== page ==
“It is also an economic document because it helps as the primary fiscal instrument for stimulating economic growth, ensuring employment and maintaining economic stability.
It is an accounting document that provides a ceiling and is legally binding for the government to operate. It is also a moral document. You can know what a country cherishes by looking at its budget document.”
Meanwhile, with just 19 days to end a two-term tenure of eight years of his administration, President Buhari has requested the Senate to approve a fresh $800 million loan from the World Bank.
The borrowing request for parliamentary approval for the fresh borrowing was contained in a letter he wrote to the Senate and read at plenary Wednesday.
In the letter dated May 2, 2023, which was acknowledged as received on 10th May 2023, the president said the credit facility was needed for the National Social Safety Net Programme (NASSP).
He said his government would expand shock response safety net support among the poor and vulnerable Nigerians and the government would make a cash transfer of five thousand naira (N5,000) each to 10.2 million poor and low-income earners.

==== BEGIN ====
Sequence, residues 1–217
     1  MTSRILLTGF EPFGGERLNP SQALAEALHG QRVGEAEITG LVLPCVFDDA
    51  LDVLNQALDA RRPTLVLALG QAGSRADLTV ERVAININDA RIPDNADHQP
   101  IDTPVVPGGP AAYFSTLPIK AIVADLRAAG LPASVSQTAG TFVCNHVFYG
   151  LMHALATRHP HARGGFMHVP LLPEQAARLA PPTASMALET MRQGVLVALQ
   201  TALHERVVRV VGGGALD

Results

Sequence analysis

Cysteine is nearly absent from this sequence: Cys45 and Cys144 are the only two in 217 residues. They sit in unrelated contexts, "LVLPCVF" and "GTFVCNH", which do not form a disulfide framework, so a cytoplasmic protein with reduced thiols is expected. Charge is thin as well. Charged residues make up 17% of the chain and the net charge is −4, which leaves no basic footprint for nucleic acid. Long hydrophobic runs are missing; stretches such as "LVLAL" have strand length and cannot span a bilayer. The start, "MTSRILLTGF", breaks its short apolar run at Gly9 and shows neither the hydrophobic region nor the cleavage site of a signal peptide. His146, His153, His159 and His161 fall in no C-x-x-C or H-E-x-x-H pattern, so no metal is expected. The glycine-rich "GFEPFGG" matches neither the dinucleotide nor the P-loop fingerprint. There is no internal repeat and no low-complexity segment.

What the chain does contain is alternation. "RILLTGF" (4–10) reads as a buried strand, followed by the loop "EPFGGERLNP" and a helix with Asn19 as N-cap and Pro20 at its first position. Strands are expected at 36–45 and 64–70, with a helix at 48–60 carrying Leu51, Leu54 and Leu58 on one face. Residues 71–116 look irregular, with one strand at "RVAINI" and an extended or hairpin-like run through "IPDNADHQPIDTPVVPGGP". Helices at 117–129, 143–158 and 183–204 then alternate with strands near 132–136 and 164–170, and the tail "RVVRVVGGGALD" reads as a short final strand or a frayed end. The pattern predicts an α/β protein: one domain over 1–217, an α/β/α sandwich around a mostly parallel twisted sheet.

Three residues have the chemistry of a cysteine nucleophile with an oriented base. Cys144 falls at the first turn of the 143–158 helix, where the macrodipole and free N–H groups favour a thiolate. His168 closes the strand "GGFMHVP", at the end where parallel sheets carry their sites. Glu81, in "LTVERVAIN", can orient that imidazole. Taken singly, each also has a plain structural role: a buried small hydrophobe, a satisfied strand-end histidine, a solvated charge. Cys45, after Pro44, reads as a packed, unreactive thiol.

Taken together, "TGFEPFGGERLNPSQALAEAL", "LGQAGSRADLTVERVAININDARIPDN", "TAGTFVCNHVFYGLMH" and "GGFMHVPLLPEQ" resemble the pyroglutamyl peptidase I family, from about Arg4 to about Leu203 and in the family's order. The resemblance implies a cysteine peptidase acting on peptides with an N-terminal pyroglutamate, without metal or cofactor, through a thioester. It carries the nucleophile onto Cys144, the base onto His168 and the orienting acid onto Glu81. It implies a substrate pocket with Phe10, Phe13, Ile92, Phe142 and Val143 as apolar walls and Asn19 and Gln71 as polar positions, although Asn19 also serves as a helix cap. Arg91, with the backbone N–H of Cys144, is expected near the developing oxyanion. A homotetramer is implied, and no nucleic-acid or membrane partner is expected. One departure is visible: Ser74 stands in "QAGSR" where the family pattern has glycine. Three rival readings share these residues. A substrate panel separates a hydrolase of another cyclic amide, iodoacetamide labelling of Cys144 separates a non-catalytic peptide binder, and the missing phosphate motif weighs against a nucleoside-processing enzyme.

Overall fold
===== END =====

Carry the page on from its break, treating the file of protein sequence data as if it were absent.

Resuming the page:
Already, the president said the Federal Executive Council (FEC) had already given him the go-ahead to borrow the money.
The letter as read by the Senate President, Ahmad Lawan reads: “It is with pleasure that I forward the above subject to you. Please note that the Federal Executive Council (FEC) approved an additional loan facility to the tune of USD800 million to be secured from the World Bank, for the National Social Safety Net Programme (NASSP) and the need to request your consideration and approval to ensure early implementation (Copy of FEC Extract attached).
“The Senate may wish to note that the Programme is intended to expand coverage of shock-responsive Safety Net support among the poor and vulnerable Nigerians. This will assist them in coping with the costs of meeting basic needs.
“You may wish to note that, the Federal Government of Nigeria under the conditional cash transfer window of the programme will transfer the sum of N5,000 per month to 10.2 million poor and low-income households for a period of six months with a multiplier effect on about 60 million individuals.
In order to guarantee the credibility of the process, digital transfers will be made directly to beneficiaries’ accounts and mobile wallets.
“The NASSP being a social intervention programme will stimulate activities in the informal sector; improve nutrition, health, education and human capital development of beneficiary households.
“Given the above, I wish to invite the Senate to kindly approve an additional loan facility to the tune of USD8OO million to be secured from the Word Bank for the National Social Safety Net Programme (NASSP).
“While hoping that these submissions will receive expeditious consideration by the Senate, please accept, Distinguished Senate President, the assurance of my highest regards,” Buhari requested.